This was an interesting summer for me. Unlike the previous ones, I have no plans this time around. A couple of projects with a major studio, freelance hosting gigs, and some Downtown Fullerton fun, but aside from that, I had no agenda to follow, appointment to schedule, and days to be filled. Things were up in the air and that was something I knew I had to get used to. Now I didn't want to stress myself out by mapping out my entire future (something I've done many times before) because for once, I genuinely wanted to enjoy the moment. And when I say 'enjoy the moment,' I mean less social media, less picture-taking, and more of appreciating the scenery in its entirety. Eat the food to eat the food. Not just so I can take a photo of it and put it on Instagram. Essentially, all I wanted or better yet, all I needed, was to escape from the world for just a little awhile. So when the opportunity arrived, I took it.
Two days before my twenty-second birthday, my mother gave me a phone-call and told me to pick up three plane tickets to Vietnam. Was I shocked? Yes. But amongst trying to pack and prepare for the big day, the anxiety began to build up. 'Was this the right thing to do?' 'Should I leave now?'
At the time, I did not have an answer, but now that I have the chance to look at things in perspective, I can honestly say that it was one of the best decisions I've made. Yes, my heart is loyal to its California ways, but I'm a person who refuses to forget about her roots and mine just happens to be in the heart of Vietnam---Ho Chi Minh City.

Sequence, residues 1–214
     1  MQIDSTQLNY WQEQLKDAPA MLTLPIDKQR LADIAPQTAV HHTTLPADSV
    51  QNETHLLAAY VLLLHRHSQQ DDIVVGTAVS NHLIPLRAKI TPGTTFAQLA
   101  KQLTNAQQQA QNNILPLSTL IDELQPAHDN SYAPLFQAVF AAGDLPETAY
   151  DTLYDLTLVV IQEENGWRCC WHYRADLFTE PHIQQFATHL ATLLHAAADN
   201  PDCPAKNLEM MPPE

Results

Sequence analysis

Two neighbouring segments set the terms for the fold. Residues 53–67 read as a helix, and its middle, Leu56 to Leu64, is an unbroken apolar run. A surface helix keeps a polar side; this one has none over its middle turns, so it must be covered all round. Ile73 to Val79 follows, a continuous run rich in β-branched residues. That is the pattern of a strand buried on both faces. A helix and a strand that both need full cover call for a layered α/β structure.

I'll go in more details about my trip another time, but for now, I wanted to illustrate the state I was in prior to my departure.
I was lost. I was tired. I was confused. I was someone who just needed to figure herself out. I wanted answers. I felt like I was always running out of time.
While I don't recommend running away as a solution, I can tell you that there is something so incredibly uplifiting when it comes with traveling to a foreign country. Yes, I've been to Vietnam a couple of times before but somehow, someway, I always manage to come back a changed woman.
Here are some of the things I've learned:
1) Every culture is different. Don't be offended if someone refuses to accept your ideologies and perspectives. 2) There is no 'right' way of doing things. Just do you. 3) Don't judge a book by its cover. Open it. Read it. It will surprise you. 4) Some people don't change. Some people do. 5) Family is important. Separate those who claim to be your family versus those who act like family. 6) Continue to appreciate the small things in your life. For me, it was the rain, the city lights, the street food at 11 AM, the porridge carts, the honks and horns.